Here is the Scoop: Tough Weekend in San Diego

As I alluded to in my last post, my weekend was pretty dismal. The time had finally come to pack up my Aunt’s apartment and put it into storage. My sister Lisa flew in from Texas, and Alan and I were set to meet her on Saturday morning. We’d pick her up from her friend’s house in Carlsbad and we’d all drive down, pick up the U-Haul truck, and then spend the day packing up her apartment and take it to a storage facility. Alan and I planned to take a run in the morning, then pack up and head south. The run didn’t happen, and we didn’t get going until about 9:00. Meaning we picked up Lisa at noon. A little later than planned, especially considering that Alan’s one caveat was to watch the 49er’s playoff game at 5:00.

My Aunt Lois, who I wrote a little about here, suffers from a brain injury incurred about 25 years ago in a car accident. Several months ago she fell in the shower, where she lay for more than a day before anybody found her and called for help. She has been declining since then and will never be able to live on her own again. So, we had to pack up her apartment. My sons were not available to help,which meant it was my sister, my husband, and myself doing the work.

We had quite a task ahead of us. She had been in her apartment for about 10 years, but because of the problems caused by the brain injury she really just inhabited it. Many things were still in boxes from her last move (which was helpful for us, but still sad). There was a large area of her front room that was loaded with boxes, unused furniture, old pictures, sheet music, records, and a piano. None of it had been touched, all of it was heavily coated with dust.

So with face masks in place the three of us spent the next several hours packing, loading, sorting, and tossing my aunts possessions. It was hard work and it was very sad. Her walls were covered with pictures of animals. She was an animal advocate and vegan, every spare penny she had she donated to organizations like Peta, Farm Sanctuary, and others, and in return they all sent her cards, posters, calendars, and magazines. She kept it all, decorating her refrigerator, walls, and windows. She also kept journals, writing paragraphs almost every day to express her anger, frustration, and hopelessness.

Lisa and I sorted through all of this as we packed, while Alan managed most of the loading. Neighbors stopped by as we were working to ask about our Aunt, they were saddened to hear she wasn’t doing well. After three hours we had accomplished a lot and it was time to stop for the day.  We still had a lot of work to do on Sunday though, so we decided that we’d pick up Lisa at her friend’s house in Carlsbad at 7:00 am. So much for the running plans.

We left Lisa at the apartment to be picked up by her friend. I planned to drive Alan over to my son’s house so he would be in time for the 49er’s playoff game. Then I’d head to the store, pick up a lock we needed for the U-haul, plus some food (and wine for me). As we drove away, we realized that we hadn’t had a bite to eat since leaving La Quinta early in the morning. Suddenly starving, I added a Subway stop into the plans, dropped his sandwich off before I headed back to my aunt’s. Lisa had already left, so I pulled up behind the truck, locked it up, then headed back to my son’s. Fortunately, San Diego is a pretty small city, and in light traffic, my aunt’s house is only about 10 minutes from my son’s, so it wasn’t difficult. I finally finished, got back to my son’s, ate my sandwich, and relaxed. Oh, did I mention I got to hold, feed, and snuggle my grandson? Oh yes!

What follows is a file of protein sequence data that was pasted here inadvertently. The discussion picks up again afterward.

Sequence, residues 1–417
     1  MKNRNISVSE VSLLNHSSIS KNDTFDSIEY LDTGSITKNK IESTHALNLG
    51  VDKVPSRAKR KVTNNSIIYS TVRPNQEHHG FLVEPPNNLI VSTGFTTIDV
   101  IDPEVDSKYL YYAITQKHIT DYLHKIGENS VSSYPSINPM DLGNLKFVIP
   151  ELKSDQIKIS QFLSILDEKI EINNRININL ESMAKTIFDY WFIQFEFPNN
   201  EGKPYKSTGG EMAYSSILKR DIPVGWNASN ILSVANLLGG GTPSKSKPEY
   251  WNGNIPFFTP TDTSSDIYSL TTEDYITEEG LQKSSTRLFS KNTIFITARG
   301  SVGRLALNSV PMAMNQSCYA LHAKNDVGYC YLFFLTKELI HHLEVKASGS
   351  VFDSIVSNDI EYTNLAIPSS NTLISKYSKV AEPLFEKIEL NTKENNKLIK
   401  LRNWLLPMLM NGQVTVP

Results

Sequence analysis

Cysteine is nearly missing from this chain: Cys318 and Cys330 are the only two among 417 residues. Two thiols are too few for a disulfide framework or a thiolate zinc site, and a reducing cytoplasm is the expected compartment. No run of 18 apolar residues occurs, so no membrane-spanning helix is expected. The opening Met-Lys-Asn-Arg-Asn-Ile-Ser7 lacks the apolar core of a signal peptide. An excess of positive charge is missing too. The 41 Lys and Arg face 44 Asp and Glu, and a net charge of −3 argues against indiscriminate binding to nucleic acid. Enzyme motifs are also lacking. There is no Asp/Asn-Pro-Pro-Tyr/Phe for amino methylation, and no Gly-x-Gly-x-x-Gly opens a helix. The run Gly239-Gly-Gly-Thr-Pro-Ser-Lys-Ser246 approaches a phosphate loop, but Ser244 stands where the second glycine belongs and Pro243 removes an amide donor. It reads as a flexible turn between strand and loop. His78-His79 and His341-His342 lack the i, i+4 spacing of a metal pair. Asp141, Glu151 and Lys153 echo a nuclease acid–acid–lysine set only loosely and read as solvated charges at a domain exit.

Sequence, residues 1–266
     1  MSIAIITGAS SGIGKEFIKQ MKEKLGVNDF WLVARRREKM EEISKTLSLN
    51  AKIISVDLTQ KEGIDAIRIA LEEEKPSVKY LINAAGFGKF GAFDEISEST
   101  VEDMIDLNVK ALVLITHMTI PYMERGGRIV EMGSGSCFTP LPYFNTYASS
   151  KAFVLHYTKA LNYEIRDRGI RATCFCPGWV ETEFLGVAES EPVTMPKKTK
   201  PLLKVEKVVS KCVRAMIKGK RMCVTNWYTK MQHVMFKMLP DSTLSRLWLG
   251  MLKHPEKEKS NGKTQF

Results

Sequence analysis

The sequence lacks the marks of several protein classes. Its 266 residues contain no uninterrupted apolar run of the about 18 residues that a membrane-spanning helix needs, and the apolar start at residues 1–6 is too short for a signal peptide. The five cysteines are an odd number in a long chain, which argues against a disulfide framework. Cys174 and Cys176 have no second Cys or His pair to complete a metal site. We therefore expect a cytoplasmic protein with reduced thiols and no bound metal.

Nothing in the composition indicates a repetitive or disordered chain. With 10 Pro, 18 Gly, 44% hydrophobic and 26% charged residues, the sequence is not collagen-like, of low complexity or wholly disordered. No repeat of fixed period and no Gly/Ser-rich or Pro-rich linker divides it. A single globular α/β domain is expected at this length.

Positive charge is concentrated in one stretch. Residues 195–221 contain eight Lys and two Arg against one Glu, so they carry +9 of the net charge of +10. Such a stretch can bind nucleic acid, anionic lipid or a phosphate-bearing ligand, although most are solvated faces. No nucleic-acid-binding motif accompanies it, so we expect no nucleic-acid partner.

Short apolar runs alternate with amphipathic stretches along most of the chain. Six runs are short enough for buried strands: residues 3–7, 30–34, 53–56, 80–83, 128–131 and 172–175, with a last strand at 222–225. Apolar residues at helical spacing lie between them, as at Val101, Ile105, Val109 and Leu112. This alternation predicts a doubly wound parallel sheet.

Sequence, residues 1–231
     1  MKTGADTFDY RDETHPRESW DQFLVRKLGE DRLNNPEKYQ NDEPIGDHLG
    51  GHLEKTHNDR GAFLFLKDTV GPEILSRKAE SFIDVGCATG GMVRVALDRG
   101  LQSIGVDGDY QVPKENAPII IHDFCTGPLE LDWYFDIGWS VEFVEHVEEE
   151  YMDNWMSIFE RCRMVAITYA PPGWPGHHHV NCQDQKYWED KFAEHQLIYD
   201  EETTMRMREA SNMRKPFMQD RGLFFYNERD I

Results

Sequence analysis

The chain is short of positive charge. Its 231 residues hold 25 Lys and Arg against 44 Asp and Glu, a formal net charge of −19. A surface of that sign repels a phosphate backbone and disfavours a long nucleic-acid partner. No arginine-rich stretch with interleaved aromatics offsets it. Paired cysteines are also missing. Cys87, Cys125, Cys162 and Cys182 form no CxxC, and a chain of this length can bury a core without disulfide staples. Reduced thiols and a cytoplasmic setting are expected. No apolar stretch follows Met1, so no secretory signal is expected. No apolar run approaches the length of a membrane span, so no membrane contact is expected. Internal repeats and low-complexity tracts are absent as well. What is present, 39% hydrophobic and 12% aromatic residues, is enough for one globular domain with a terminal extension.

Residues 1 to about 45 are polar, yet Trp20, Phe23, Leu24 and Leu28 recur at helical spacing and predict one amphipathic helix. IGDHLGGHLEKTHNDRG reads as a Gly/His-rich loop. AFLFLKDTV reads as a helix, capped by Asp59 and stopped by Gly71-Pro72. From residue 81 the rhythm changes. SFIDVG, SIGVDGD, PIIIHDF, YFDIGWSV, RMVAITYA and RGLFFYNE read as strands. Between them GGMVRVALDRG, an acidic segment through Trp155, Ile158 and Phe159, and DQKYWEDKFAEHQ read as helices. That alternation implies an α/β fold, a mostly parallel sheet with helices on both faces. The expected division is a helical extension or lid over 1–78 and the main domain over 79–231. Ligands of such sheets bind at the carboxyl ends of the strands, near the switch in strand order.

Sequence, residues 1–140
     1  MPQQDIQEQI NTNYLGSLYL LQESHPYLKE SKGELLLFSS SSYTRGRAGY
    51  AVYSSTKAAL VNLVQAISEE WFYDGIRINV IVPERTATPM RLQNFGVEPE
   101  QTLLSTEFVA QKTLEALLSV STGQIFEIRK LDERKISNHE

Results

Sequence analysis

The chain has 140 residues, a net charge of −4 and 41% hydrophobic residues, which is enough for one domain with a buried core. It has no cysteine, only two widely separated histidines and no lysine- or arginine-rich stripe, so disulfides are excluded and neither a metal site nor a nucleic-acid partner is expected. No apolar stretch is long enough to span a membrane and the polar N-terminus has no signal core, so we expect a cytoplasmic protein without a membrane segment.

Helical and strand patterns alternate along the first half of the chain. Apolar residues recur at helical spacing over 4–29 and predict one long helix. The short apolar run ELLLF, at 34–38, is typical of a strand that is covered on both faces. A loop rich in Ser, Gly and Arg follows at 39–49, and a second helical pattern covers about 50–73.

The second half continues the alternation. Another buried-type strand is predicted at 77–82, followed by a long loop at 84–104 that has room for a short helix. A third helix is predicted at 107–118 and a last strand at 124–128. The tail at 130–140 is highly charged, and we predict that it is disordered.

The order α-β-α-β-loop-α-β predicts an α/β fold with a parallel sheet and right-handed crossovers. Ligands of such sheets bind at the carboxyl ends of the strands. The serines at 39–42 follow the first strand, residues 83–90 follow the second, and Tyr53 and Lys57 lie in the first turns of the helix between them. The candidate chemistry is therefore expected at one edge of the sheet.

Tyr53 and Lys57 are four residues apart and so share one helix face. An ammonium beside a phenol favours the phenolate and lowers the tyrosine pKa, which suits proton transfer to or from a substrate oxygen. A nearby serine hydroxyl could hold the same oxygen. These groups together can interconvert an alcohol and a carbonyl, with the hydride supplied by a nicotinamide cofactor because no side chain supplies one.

After the game, which the 49er’s won, improving Alan’s weekend, we drove back to Encinitas to check in to our hotel. It was almost 10:00 by the time we got into bed. I slept poorly, one of those nights that seem to last forever because you keep waking up, leaving me tired and cloudy in the morning. Fortunately, neither of us felt any back pain from our work the day before.  As we checked out, I grabbed a bagel from the breakfast room, we stopped by Starbucks and started off on our day.

Because we needed to meet the storage people by 11:00 and get the truck back by 1:00, we didn’t waste any time. We finished the loading in record time, leaving a few items that might have some value, her piano, a  few antiques, behind for possible sale. Truck packed, we dashed to the storage place, where we discovered that it was the indoor type of storage, meaning that we had to load everything onto a dolly, take the elevator to the third floor and unload it there.  The nice thing about those type of storage facilities is that they are climate controlled and secure. Just a lot of work to load.

Faced with a 7′ x 10′ area, we were concerned that our truckload wouldn’t fit, but using some great stacking and jigsaw skills that we didn’t even know we had, we managed to get it all in with no room to spare. Still, it was close to 2:00 when we headed back to drop off the truck. We arrived late, but they had closed for the day so we left the truck and slipped the keys in the drop off box, not sure if they would charge for an extra day. Considering this is a company that will charge you $25 if you don’t sweep out the truck, I am not optimistic.

This time I insisted that we take the time to eat before we did anything else. We stopped by Subway again, then headed over to my son’s where my sister finally met my grandson for the first time.



It is that small things that make all the tough things worthwhile.